Someone who is a genuine real racist detests people of another colour [or perhaps only blacks or only browns or only yellows or only redskins] but probably isn’t bothered about what such people do or do not believe.

      Thus it can be stated that not all racists are Islamophobes and that not all Islamophobes are racist.

      Of course, there are some people who really and truly have both sets of hatreds in their hearts simultaneously but they tend to be the dumbest of the dumb.

      An unswerving non-racist Islamophobe would be happy to approve a one-on-one exchange of every Muslim in Britain for a Christian Tamil or Keralite, jet-black though many of them are.

      An unswerving racist would be happy to exchange every person of a dusky hue - irrespective of confessional identity - for a Bosniak, Albanian or Pomak.

      There! Now write it out and memorise it, Yakoub.

    39. abdullah — on 5th August, 2009 at 12:56 pm  

      Lord Binky

      Someone who detests Islam is wary about all Muslims

      kind of exposes the “I hate Islam not Muslims” canard

      including Albanians, Bosnians, Scandinavian converts ['reverts'] to Islam and everyone else who is Muslim. S/he might attempt “to love the sinner while detesting the sin” of Islam but skin colour would hardly enter the picture.

      What exactly is the “sin” of being a Muslim ?. Is it like the “sin” of being Jewish or Hindu ?.

      Im positive you’ll say “believing in terrorism, forced marriages, FGM” and other such media driven lies about Islam and Muslims

    40. Lord Binky — on 5th August, 2009 at 1:02 pm  

      Someone who detests Judaism is wary about all Jews.

      Now substitute:

      Christianity / Christians
      Zoroastrianism / Parsees
      Shintoism / Shintoists
      and so on until you run out of -isms …

      To ‘be wary of’ is not necessarily to hate.
      I am wary of large dogs that growl but I do not actively hate all canines.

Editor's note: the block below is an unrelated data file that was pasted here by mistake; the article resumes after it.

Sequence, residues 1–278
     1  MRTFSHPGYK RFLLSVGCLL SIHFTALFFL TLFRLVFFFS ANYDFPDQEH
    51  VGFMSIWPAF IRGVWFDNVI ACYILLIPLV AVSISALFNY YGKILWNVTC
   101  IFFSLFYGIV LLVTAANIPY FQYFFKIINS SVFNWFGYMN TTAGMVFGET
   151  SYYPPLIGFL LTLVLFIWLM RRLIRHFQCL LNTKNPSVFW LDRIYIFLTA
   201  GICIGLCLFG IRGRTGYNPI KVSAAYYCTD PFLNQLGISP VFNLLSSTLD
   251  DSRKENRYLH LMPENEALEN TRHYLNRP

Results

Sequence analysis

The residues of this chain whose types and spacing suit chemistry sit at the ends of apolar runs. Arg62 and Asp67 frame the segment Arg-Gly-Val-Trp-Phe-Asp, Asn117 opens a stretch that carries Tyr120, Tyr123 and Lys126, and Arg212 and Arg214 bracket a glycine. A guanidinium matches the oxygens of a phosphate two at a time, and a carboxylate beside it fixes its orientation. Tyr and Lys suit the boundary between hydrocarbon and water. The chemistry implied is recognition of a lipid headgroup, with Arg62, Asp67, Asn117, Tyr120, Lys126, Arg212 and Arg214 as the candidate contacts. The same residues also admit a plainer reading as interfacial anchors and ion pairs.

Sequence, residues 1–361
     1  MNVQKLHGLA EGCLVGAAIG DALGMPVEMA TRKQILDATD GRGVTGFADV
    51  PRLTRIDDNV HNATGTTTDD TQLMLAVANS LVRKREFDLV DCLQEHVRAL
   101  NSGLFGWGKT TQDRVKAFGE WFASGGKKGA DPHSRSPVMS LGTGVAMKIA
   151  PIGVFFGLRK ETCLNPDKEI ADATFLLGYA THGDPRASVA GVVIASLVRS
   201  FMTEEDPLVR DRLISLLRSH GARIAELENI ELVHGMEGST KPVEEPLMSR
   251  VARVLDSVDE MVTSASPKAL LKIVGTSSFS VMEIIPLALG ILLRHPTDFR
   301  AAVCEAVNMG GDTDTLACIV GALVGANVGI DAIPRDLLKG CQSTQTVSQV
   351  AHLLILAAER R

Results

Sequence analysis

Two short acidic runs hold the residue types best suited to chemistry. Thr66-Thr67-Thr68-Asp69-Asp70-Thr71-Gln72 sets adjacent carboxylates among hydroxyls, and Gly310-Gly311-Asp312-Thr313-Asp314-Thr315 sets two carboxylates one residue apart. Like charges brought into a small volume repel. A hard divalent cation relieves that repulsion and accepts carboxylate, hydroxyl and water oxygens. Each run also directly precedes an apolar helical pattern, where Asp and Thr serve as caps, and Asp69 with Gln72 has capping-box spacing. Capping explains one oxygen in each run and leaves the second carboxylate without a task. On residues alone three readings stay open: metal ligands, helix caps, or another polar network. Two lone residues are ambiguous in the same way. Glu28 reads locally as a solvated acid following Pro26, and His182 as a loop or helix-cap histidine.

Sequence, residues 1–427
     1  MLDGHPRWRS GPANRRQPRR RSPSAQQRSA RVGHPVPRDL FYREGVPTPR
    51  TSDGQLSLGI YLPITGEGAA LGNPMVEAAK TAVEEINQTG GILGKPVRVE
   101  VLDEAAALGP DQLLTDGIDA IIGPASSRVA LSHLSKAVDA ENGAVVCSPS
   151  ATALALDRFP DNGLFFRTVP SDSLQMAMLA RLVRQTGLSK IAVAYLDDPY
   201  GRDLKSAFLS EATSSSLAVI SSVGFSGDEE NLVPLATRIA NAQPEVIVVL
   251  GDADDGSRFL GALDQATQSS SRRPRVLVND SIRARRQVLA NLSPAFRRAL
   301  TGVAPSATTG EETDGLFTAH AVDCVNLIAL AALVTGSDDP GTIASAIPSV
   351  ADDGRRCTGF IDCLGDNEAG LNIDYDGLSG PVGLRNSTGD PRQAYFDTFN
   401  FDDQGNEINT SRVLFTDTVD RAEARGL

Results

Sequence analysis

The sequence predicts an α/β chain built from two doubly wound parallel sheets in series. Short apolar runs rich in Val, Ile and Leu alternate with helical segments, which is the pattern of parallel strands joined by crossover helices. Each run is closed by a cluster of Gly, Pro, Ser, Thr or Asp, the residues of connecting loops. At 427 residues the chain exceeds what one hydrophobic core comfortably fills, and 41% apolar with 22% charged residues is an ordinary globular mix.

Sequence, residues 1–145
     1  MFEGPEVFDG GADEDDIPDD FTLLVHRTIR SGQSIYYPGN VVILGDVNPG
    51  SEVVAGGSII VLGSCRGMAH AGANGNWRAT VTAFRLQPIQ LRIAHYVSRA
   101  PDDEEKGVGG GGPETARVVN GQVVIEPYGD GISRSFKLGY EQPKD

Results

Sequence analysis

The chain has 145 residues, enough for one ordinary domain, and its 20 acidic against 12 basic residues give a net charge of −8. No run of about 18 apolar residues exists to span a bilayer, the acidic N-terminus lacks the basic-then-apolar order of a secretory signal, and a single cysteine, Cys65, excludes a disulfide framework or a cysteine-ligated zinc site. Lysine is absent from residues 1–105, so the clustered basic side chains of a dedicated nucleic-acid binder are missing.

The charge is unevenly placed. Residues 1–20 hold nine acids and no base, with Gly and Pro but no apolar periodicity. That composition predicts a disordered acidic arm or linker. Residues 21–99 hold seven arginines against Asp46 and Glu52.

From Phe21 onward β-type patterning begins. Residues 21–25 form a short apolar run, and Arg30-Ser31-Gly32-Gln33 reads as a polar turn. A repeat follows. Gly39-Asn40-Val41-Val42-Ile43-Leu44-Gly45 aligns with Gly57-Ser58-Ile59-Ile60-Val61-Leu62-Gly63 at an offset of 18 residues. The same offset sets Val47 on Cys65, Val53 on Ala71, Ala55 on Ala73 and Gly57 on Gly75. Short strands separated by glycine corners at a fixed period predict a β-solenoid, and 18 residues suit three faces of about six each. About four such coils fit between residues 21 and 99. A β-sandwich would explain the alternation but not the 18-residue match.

41. abdullah — on 5th August, 2009 at 1:08 pm  

      Lord Binky

      The funny thing is have you actual met a Kosovan or Bosnian Muslim? They are deeply secular often Muslims in name only (you know the type of Muslims you always go on about how all Muslims should be)- you are far more likely to find a Kosovan in a nightclub or pub than a mosque. Yet you still detest them- because they are Muslims or have Muslim names!

      This tells Muslims all we need to know about “if you assimilate, theyll accept you”.
      They wont - so why bother?

    42. Lord Binky — on 5th August, 2009 at 1:13 pm  

      Abdullah -

      NEVER try to win any dispute by misrepresenting what the other person said!

      Please list all belief systems and their real or alleged flaws. [You might find it hard to say much bad about Seventh Day Adventists and Quakers but you CAN try!]

      If a bloke detests one belief system, he is probably wary of those who embrace it [whether they were born into it or converted]

      A ‘true’ Muslim believes the stuff that the Chief Preacher in Makkah believes, right? The one currently in the U.K., I mean.

      Which would include all HE spouts about the beastliness of Jews, Christians, Hindus and probably Shintoists.

      A non-Muslim would obviously be wary of such a person.

      Cultural issues like FGM*, cow-loving, pig-hating, lobster-eating are minor trifles.

      Anyway, who except anthopologists and nutters had even heard of FGM until a few years ago?

      *FGM is not a Muslim monopoly. Some benighted Christians in Egypt and East Africa did it until recently and probably some are still going in for it.

    43. damon — on 6th August, 2009 at 1:04 am  

      Yakoub @ 36. Would you tell us what exactly you see as ”Standing’s kind of barely disguised anti-Muslim racism ….”

      You may well be right, but wading through all this stuff (and the new Blog Wars thread) is not so easy.

      I think I agree with him (Standing) when he criticises parts of the more shrill left.
      I wouldn’t go blaming ethic minorities themselves for giving the BNP a wider profile as Sunny seems to be suggesting is being done by some people (in the links he made at the top of this thread).

      From that thread titled ”The “race industry” and blaming the left for racism” on June 18th:

      First, the “race industry” is a bunch of civil society organisations started by activists who were pissed off being constantly demonised and decided they had to organise themselves politically. Anyone who blames the “race industry” for the rise of racism, than actual prejudice is hilariously deluded.

      … the race industry”is a bunch of civil society organisations started by activists … ”

      That’s the place to start this discussion IMO.